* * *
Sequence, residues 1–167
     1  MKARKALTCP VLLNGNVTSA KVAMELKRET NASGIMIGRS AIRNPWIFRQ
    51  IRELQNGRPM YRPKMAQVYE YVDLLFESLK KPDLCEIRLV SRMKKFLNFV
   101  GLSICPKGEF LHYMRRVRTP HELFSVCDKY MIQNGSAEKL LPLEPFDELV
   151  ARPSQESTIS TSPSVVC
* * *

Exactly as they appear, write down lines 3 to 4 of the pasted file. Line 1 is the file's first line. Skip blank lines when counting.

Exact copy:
    51  IRELQNGRPM YRPKMAQVYE YVDLLFESLK KPDLCEIRLV SRMKKFLNFV
   101  GLSICPKGEF LHYMRRVRTP HELFSVCDKY MIQNGSAEKL LPLEPFDELV